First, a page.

A Raging River of Garbage
Even though successful third-party game makers Activision and Imagic are producing some of the better games for the 2600 in its later years, Atari feels their grip sliding on the control of the software library for their system, and they get involved in a legal tussle with the two companies. Atari eventually loses its case in court, opening the floodgates for third-party manufacturers of games for their systems. Soon everybody and their dog has a game out, and while this does expand the machine’s library of cartridges, little concern is given for their quality. There are 50 companies publishing games for the 2600 in 1983, outfits such as 20th Century Fox, Avalon Hill, CommaVid, Froggo, Milton Bradley, Sega, Spectravision and Tigervision.
To put some other accomplices to the murder of the early 80′s video game industry up into a lineup for identification:
- If you are an afficianado of B-grade schlock movies, you might recognize the name Charles Band. By 1983 he has an impressive resume built up as a producer and director, including such classic fare as Laserblast, Tourist Trap and Parasite. It is with this pedigree that Band wades into the unsuspecting video game industry in 1983, founding Wizard Games. Game production is contracted out to a development studio started by former programmers at Games by Apollo, which declared Chapter XI bankruptcy on Nov. 12, 1982. Wizard licences two notorious horror movies for their first video game products: Halloween and The Texas Chainsaw Massacre. It’s true that the violence contained within the resultant games is blockily abstract, but blocky abstract violence is all the public has at the time in video games, so after whole weeks of development time the games are released and the obligatory controversy generated. With most stores unwilling to stock the games, and those that do keeping them behind the counter on a request-only basis, sales figures are understandably low. Unfortunately, Wizard’s planned game based on soft-core porn movie Flesh Gordon never materializes.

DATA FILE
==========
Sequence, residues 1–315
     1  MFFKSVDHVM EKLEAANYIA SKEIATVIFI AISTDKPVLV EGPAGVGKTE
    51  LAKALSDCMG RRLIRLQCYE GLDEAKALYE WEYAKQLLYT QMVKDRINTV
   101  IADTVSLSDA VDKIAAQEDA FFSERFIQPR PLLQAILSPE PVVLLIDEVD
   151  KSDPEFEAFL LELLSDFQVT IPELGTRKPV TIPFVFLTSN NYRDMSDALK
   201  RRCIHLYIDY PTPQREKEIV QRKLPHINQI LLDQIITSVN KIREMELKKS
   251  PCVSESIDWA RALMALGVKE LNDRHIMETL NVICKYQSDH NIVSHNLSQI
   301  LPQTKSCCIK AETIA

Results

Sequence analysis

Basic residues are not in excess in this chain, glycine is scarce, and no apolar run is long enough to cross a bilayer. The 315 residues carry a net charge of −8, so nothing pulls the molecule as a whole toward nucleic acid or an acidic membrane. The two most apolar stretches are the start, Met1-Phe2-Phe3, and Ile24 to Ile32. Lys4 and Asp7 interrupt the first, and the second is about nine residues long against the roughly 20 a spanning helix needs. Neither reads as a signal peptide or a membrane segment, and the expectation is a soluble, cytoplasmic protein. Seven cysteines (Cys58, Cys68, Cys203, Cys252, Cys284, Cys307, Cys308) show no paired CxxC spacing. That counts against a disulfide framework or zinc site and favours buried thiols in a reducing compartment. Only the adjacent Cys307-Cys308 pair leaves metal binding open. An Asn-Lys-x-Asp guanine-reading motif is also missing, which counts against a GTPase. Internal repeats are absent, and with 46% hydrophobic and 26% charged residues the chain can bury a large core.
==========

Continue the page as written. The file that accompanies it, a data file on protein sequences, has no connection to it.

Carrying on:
- Game maker Xonox is a division of K-tel, infamous TV sellers of “50 Original Hits” music compilations. Their idea of innovation is to sell Double Ender cartridges. Sold for the price of a regular cart, Double Enders have two separate 8K games accessible via edge connectors on each end. Early entries for these dual games include Spike’s Peak/Ghost Manor and Hercules vs. the Titans/Chuck Norris Superkicks. The most clever bit of this whole exercise? The palindrome company name, readable any way their cartridges are inserted.
- CBS enters the videogame biz via a four-year partnership deal with Bally Mfg. Corp, creating CBS Video Games. This gives CBS rights to available Bally/Midway arcade games for adaptation to home consoles and computers. The cartridges are produced and marketed by Gabriel Industries, the toy arm of CBS, headed by Benjamin Ordover. Adaptations of Gorf and Wizard of Wor are two of the bigger hits from this partnership. With a name change to CBS Electronics, the company develops 2600 cartridges with the RAM Plus power chip installed inside, adding 16K of memory. This allows games with advanced 3D graphics for the system like Tunnel Runner, as well as the unreleased first-person combat flight simulator Wings, a game within weeks of being released when CBS suddenly pulls the plug on their video game division in late 1983.
- Another media conglomerate, 20th Century Fox, throws their hat into the crowded ring with their video game arm, Fox Video Games. Headed by former Mattel Electronics Sales and Marketing Senior VP Frank O’Connell, they crank out 20-some carts into the market. Tagged as 20th Century Fox Games of the Century, a few are licensed from computer software game company Sirius Software, and Fox also reaches into their own library for titles like Fantastic Voyage, Porky’s and the Barry Bostwick SF extravaganza Mega Force. Even a video game adaptation of the Robert Redford/Paul Newman classic western Butch Cassidy and the Sundance Kid is threatened. Their biggest stretch might be a game based on the film M*A*S*H, where chief surgeon Hawkeye Pierce actually flies helicopters around rescuing injured soldiers and skydiving medics. At least he does get a bit of surgery in between flights. Fox wins the award, however, for best video game title ever: The Earth Dies Screaming. Another thing that dies screaming is the partnership of Fox and Sirius: the later files a 20 million dollar lawsuit against Fox in the later part of 1983, containing forty counts of breach-of-contract, fraud and lack of good faith charges.